Caltech's Ingersoll Receives Achievement Award

Andrew P. Ingersoll of the California Institute of Technology has been awarded the 2007 Gerard P. Kuiper Prize by the Division for Planetary Sciences (DPS) of the American Astronomical Society in honor of his outstanding contributions to planetary science. The award was presented this week during the annual DPS meeting in Orlando, Florida.

New Method of Studying Ancient Fossils Points to Carbon Dioxide As a Driver of Global Warming

A team of American and Canadian scientists has devised a new way to study Earth's past climate by analyzing the chemical composition of ancient marine fossils. The first published tests with the method further support the view that atmospheric CO2 has contributed to dramatic climate variations in the past, and strengthen projections that human CO2 emissions could cause global warming.

Caltech, JPL, Northrop Grumman to Celebrate 50 Years of Space Exploration

Before October 1957, space flight was a thing of fantasy. Today we are experienced space explorers with unlimited voyages to undertake. Where is space flight's next horizon? What constitutes sensible space investment? How did the space pioneers accomplish their goals? These topics will be addressed at "50 Years in Space: An International Aerospace Conference Celebrating 50 Years of Space Technology," which will take place from September 19 to 21 at the California Institute of Technology.

NASA'S Spitzer Finds Water Vapor on Hot, Alien Planet

The exoplanet HD 189733b has just been found to have water vapor in its atmosphere. The observation provides the best evidence to date that water exists on worlds outside our own solar system.

The Dwarf Planet Known as Eris is More Massive than Pluto, New Data Shows

Die-hard Pluto fans still seeking redemption for their demoted planet have cause for despair this week. New data shows that the dwarf planet Eris is 27 percent more massive than Pluto, thereby strengthening the decree last year that there are eight planets in the solar system and a growing list of dwarf planets.

Caltech Astrophysicist Peter Goldreich Wins $1 Million International Shaw Prize

Peter Goldreich, the Lee A. DuBridge Professor of Astrophysics and Planetary Physics, Emeritus, has been named winner of the 2007 Shaw Prize for astronomy by the Shaw Prize Foundation of Hong Kong. The announcement was made Tuesday, June 12, at foundation headquarters in Hong Kong.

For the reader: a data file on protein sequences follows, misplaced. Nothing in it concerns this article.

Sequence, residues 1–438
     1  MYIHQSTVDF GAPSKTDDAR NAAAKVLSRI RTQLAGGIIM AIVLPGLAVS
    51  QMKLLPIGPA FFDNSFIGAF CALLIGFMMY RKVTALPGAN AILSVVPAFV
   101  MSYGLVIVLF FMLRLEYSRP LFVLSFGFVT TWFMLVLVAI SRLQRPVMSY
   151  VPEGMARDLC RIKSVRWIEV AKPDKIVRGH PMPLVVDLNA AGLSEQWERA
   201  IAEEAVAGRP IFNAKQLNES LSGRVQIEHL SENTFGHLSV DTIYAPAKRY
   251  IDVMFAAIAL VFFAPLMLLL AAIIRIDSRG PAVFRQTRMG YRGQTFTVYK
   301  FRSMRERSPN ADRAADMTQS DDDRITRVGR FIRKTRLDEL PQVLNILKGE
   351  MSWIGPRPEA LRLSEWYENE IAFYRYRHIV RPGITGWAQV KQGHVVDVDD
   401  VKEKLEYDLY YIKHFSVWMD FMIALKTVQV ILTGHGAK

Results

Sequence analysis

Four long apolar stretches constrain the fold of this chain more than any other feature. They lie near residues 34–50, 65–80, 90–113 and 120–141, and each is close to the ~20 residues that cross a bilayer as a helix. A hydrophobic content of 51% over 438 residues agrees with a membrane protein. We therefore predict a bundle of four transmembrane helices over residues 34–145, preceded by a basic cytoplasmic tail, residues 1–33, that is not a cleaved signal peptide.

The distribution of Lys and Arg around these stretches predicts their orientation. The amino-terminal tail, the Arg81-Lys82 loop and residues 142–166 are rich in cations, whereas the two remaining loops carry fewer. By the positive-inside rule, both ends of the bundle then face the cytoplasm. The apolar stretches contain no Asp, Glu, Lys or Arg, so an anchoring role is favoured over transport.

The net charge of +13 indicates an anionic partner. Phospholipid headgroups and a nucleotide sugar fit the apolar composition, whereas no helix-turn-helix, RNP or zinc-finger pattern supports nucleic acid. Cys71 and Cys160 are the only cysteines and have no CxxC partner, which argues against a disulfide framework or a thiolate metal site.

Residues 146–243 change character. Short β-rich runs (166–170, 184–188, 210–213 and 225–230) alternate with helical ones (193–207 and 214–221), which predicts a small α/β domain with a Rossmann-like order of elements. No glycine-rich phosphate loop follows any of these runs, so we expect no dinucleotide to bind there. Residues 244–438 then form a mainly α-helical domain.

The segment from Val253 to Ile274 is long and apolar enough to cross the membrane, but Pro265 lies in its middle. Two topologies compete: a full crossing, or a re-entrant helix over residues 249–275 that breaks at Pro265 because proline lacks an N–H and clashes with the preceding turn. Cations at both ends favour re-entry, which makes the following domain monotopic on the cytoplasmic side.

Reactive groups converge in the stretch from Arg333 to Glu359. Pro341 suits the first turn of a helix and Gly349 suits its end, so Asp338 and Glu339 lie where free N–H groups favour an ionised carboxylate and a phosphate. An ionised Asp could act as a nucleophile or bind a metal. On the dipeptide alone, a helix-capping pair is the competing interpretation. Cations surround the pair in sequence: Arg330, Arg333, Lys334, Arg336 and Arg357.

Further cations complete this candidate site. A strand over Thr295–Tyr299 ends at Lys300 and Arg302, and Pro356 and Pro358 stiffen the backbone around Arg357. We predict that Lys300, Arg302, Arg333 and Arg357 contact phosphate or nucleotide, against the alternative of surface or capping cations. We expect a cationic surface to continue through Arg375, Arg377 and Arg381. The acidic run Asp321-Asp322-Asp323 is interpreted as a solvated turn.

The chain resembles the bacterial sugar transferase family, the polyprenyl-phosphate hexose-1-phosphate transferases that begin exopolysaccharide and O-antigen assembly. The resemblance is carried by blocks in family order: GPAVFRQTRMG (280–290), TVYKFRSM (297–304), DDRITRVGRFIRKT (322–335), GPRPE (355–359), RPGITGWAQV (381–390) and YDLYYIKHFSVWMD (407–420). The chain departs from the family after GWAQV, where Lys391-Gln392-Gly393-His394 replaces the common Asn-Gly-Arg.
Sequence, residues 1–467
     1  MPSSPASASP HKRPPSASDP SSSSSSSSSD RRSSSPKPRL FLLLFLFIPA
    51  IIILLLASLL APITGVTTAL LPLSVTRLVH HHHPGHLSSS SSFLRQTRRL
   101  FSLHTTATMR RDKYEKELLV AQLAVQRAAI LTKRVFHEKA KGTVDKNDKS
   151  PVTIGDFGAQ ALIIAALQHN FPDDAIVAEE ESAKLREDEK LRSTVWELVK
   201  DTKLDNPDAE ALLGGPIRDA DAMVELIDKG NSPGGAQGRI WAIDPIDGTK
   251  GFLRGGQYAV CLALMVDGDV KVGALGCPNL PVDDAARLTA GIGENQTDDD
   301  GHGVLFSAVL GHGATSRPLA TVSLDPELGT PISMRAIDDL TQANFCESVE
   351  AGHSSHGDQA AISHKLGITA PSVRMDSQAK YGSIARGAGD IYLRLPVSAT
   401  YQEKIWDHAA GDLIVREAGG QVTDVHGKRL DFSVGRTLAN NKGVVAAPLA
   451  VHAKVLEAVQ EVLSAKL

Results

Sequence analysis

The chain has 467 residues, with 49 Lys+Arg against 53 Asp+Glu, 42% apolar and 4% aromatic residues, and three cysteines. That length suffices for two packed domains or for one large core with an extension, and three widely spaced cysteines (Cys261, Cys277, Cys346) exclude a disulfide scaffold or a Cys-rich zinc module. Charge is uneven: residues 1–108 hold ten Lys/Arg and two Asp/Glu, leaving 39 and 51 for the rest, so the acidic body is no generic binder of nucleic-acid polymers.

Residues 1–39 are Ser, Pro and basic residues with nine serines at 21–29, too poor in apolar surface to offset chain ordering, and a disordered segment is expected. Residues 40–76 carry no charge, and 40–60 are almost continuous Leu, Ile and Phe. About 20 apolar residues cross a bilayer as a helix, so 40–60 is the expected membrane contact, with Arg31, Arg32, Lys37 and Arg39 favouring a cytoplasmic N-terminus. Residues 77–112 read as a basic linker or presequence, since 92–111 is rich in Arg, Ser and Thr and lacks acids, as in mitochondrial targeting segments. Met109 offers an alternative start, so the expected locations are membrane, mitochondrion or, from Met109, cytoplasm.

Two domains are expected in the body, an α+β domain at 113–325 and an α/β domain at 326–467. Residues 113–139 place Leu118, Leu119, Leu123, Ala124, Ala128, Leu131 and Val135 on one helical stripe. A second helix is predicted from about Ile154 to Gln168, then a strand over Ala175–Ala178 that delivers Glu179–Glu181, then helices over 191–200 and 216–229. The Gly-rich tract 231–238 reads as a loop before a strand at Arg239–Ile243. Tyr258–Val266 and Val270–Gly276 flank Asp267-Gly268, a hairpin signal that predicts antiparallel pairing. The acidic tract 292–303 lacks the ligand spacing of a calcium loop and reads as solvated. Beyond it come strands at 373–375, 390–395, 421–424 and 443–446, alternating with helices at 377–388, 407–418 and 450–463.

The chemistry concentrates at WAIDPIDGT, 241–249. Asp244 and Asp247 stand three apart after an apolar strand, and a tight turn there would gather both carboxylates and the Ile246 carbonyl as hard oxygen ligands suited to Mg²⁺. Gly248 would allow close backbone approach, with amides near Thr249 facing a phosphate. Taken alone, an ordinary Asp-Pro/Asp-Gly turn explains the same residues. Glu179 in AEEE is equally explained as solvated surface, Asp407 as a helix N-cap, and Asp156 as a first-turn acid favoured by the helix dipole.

Caltech Seismologist Hiroo Kanamori Awarded Kyoto Prize by Inamori Foundation

Hiroo Kanamori, one of the world's leading authorities on earthquakes, has been awarded the 23rd annual Kyoto Prize by the Inamori Foundation of Japan. The announcement was made today in Kyoto.

Astronomers Find Their Third Planet With Novel Telescope Network

Astronomers using the Trans-atlantic Exoplanet Survey (TrES) network of small telescopes are announcing today their discovery of a planet twice the mass of Jupiter that passes in front of its star every 31 hours. The planet is in the constellation Hercules and has been named TrES-3 as the third planet found with the TrES network.

Some Earth-like Worlds May Have Foliage of Colors Other Than Green, Researchers Say

In the next decade, when scientists are able to study Earth-sized worlds around other stars, they may find that foliage on some of the planets is predominantly yellow—or orange, or red. It all depends on the color of the star the planet orbits and the stuff that makes up the planet's atmosphere.

Caltech's Planet Hunter Mike Brown Wins Annual Feynman Prize for Teaching

On a campus where scientific research can be pretty challenging for the uninitiated, Mike Brown's search for new bodies in the outer solar system is as refreshingly straightforward as, well, the brightly colored marble spheres that sit on his shelf. Each sphere represents a Kuiper-belt object he has found in the last few years, including Eris, which led to the demotion of Pluto to the status of "dwarf planet."


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